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- How to Make Your Very Own Financial Recovery Plan
How to Make Your Very Own Financial Recovery Plan
Published: June 3, 2020 | Updated: June 14, 2021 | Posted by: Ricky Publico | Personal Finance
Published: June 3, 2020
Updated: June 14, 2021
Posted by: Ricky Publico | Personal Finance
The COVID-19 pandemic really did a number on everyone’s finances. From delayed paychecks to business bankruptcy, there’s no shortage of financial setbacks in today’s economy. This would’ve been a good time to have a financial recovery plan to get you on your feet. It’s okay if you don’t have any right now—it’s not too late to start making one anyway.
And even if you were one of the lucky ones who got to keep their jobs or source of income, you will still need your own financial recovery plan in the future. You’ll never know what catastrophic event lies ahead. It’s best to be prepared for such situations. Here are the things you need to get started.
Table of Contents
How to Build a Financial Recovery Plan
Build an emergency fund
If there’s a perfect time to make use of an emergency fund, it’s right now. Don’t wait for another pandemic to start building yours. As part of your financial recovery plan, start saving at least 10% of your monthly earnings as the foundation for your rainy day fund. To grow your money faster, open a high-interest savings account from digital banks using your smartphone.
Apply for various valid IDs
After the lockdown, focus all your efforts on applying for various valid IDs from government agencies. You will need these valid IDs for your financial recovery plan, which includes applying for loans, financial aids, and business recovery aids, among others. Start with easy-to-acquire IDs like a postal ID and TIN ID, and work your way up to requirement-heavy IDs like a passport.
Prepare important documents
Aside from valid IDs, you should also compile all your important documents in one place. This should include your PSA-certified birth (or marriage) certificate, your property’s deed of sale, and a compilation of your financial and medical records. You will also need these documents when applying for the necessary help you need.
Build an emergency contacts list
Having a diverse contacts list can be really helpful in times of emergencies. Aside from updated contact numbers of your family and friends, your financial recovery plan should include financial and medical service provider contacts. This includes your insurance agent, your HMO provider, and other important hotlines. Write down these numbers as well, just in case.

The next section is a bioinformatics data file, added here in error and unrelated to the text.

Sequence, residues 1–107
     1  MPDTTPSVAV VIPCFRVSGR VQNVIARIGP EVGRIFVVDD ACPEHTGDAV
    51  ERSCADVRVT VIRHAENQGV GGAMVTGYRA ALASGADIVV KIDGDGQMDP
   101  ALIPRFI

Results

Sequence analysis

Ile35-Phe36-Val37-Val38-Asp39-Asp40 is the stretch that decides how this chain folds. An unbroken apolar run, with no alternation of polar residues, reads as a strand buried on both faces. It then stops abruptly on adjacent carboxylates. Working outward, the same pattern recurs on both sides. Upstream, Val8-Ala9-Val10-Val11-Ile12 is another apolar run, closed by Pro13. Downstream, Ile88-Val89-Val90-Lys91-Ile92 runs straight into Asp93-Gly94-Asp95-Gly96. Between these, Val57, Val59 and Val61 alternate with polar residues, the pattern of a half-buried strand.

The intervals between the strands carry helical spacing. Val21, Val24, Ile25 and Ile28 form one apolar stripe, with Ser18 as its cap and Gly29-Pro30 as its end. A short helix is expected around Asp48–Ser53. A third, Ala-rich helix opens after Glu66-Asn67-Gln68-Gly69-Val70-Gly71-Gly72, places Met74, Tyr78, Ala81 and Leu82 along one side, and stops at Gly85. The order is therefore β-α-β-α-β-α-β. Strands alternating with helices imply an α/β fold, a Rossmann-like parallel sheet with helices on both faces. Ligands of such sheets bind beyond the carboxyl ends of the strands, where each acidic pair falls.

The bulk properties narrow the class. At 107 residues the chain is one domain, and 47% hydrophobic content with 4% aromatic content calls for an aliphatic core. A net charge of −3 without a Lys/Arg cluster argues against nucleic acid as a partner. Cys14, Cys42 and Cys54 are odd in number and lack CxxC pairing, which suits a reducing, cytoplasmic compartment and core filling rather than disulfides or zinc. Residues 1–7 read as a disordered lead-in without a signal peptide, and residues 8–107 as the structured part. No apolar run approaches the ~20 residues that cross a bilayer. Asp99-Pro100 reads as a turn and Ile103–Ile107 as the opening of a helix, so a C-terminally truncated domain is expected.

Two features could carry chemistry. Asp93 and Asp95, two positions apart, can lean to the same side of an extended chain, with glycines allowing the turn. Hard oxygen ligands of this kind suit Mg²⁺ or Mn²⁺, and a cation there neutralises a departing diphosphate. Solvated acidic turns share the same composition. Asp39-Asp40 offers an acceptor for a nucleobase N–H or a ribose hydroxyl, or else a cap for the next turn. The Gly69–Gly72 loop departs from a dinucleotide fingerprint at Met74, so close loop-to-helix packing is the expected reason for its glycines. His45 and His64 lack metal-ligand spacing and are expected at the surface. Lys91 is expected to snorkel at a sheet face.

Search for potential financial aids
After compiling all your IDs and documents, it’s time to search for potential financial aids. Most of the COVID-19 cash assistance programs have already expired, so keep your eyes peeled for similar programs from government agencies, banks, and financial institutions.
Aside from financial aids, you can also apply for a personal loan to make ends meet. Remember to compare your personal options first before applying for one. Use an online comparison platform to check out all the possible loan terms that you can afford.
Find support communities online
Use social media to search for support communities online. For instance, COVID-19 support groups on Facebook already exist where they share quarantine news and tips. Join these communities so you can do the same, as well as converse with people in the same situation as you. Discover new ideas from your financial recovery plan from these groups.
Connect with family and friends
At the end of the day, your family and close friends should always be part of your financial recovery plan. You’ll need all the help you can get, so don’t be ashamed to ask your closest friends and relatives for financial help. Just make sure you can pay off your debts to them. And most importantly, don’t just ask them only when you’re in need.
When something like the COVID-19 pandemic happens, you would need all the help you can get. Forming a financial recovery plan is your way of helping yourself. This will allow you to get the right help from others instead of frantically searching for lifelines. Remember: there’s no shame in being overprepared—especially when your finances are involved.
This article first appeared on The Manila Times.
-  NEDA: COVID-19 crisis a ‘temporary setback,’ PH economy to bounce back (Inquirer.net)
- All GIFs taken from Giphy.com
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